What’s Outside The Universe? Is Multiverse Theory True?

For decades, astrophysicists have studied various aspects of the universe. From black holes to the origin of the universe itself. But some have gone far enough to contemplate the unknown or unknowable. Is it possible that something exists even beyond the universe?

To answer that question, we first have to define the universe. Most of the time the word ‘universe’ implies to the observable universe, a region with all the matter that can be observed from the Earth at present. It is defined by the speed of light.

The word ‘observable’ here doesn’t imply to the ability of modern instruments to detect light from a distant object, but the physical boundary bought up by the speed of light itself. Since nothing can travel faster than light, we cannot observe anything farther from the earth than the light could travel in the time the universe has existed (13.7 billion years).

According to the calculations, the diameter of the observable universe is believed to be about 93 billion light years or 28.5 gigaparsecs. Now you must be thinking how the universe can be 93 billion light years across if it’s just (relatively speaking) 13.8 years old?

Observable Universe
Image Courtesy: Andrew Z. Colvin

Let’s break it down. According to the Hubble’s law, extremely distant regions expand faster than the speed of light, on the other hand, special relativity tell us that two close objects cannot move faster than the speed of light with respect to one another. So it is not the object that is traveling faster than the speed of light but the space between them.

So, if you travel faster than the speed of light in a straight line towards the edge of the universe, you will see the edge of the universe, right. Well, the answer is no because there is no edge. We know that our universe is isotropic and expanding, but expanding into what?

Read: 25 Gripping Facts About the Universe

Multiverse Theory

multiverse theory

For one moment just imagine that our cosmos is actually one universe in a multiverse, where each universe is like a soap bubble fixed in the void of the multiverse. Each bubble is expanding from its own Big Bang and they have their own laws of physics too. This might sound crazy, but hang on, here we might have something interesting.

If by any chance, two of these bubble universes get close enough and start interacting with each other in such a way that second universe is detectable from within the first universe, we can have proof of this hypothesis. Astronomers have actually looked out into space in search of any sign that might tell us that our universe is interacting with another universe and guess what, they have found something really peculiar.

After surveying the cosmic microwave background or CMB, scientists have spotted temperature fluctuations in various regions. While most of these temperature fluctuations are explained by contemporary cosmological theories, there is one region, known as the “Cold Spot” that disobey all the existing theories.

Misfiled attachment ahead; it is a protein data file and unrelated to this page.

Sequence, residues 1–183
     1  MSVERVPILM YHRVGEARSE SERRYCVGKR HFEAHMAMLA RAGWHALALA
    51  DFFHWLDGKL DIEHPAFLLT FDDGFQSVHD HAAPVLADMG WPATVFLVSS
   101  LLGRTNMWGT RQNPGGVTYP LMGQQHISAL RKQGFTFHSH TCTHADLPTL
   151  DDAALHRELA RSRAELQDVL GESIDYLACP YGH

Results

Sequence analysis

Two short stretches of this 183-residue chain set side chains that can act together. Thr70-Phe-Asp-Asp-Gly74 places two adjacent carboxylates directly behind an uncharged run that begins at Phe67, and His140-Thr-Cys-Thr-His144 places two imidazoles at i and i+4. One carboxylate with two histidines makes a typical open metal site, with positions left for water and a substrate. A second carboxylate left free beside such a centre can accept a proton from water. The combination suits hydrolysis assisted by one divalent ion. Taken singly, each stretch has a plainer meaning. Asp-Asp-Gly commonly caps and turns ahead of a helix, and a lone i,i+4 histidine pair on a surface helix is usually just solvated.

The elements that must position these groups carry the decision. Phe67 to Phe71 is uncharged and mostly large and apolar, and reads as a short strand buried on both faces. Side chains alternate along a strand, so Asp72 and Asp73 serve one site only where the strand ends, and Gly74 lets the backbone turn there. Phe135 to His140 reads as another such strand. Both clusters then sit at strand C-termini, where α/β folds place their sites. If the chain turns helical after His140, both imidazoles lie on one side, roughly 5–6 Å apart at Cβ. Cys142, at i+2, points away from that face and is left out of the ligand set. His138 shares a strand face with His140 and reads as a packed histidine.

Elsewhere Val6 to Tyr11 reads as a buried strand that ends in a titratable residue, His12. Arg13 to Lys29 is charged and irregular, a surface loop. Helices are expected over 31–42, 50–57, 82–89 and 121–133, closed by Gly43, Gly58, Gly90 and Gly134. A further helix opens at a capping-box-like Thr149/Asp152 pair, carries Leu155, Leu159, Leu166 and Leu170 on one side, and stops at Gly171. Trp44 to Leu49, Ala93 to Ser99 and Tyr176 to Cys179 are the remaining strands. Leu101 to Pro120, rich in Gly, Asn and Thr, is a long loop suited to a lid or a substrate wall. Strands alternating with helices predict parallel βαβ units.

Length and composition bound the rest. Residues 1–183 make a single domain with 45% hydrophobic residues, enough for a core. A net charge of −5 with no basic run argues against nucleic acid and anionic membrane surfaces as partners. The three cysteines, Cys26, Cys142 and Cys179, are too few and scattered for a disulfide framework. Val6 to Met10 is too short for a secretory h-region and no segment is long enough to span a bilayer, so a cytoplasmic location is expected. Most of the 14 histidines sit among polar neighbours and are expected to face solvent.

For some weird reason, the “cold spot” is about 70 µK (microkelvin) colder than the average temperature of 2.7 k. While it might not be a problem in a small region, but this covers a huge region, which is one billion light years across. It is located in the southern celestial hemisphere (don’t confuse it with Earth’s southern hemisphere) in the direction of Eridanus constellation. Many researchers have named it “The Cosmic Axis of Evil“.

The cold spotThe CMB Cold Spot in circle

To explain the “Cold Spot”, astronomers have come up with few theories or hypothesis. One such hypothesis is the Supervoid hypothesis, which suggests that this anomaly is caused by the presence of a huge void between us and CMB in that direction. Another possible explanation is the Cosmic Texture hypothesis.

Read: How Strong Are Black Holes? | Precise Measurement of Magnetic Field

But the most fantastic and most controversial of all is that the “Cold Spot” is actually caused due to the collision between our universe and the other universe and the spot is precisely where its interacting. This hypothesis have also gained some ground recently.

In 2017,  Professor Tom Shanks of the Durham University in his paper stated that a supervoid is highly unlikely to explain a “Cold Spot” of that size. He added, while we cannot rule out other explanations provided by the standard model, in a situation where they too fail to provide the answers, we have to consider more exotic explanation – a collision between our universe and another bubble universe.

Written by
Bipro Das

Biprojit has been a staff writer at RankRed since 2015. He mainly focuses on game-changing inventions but also covers general science with a particular interest in astronomy. His domain extends to mobile apps and knows a thing or two about finance. Biprojit has a Bachelor of Arts degree from the University of Delhi, majoring in Geography.

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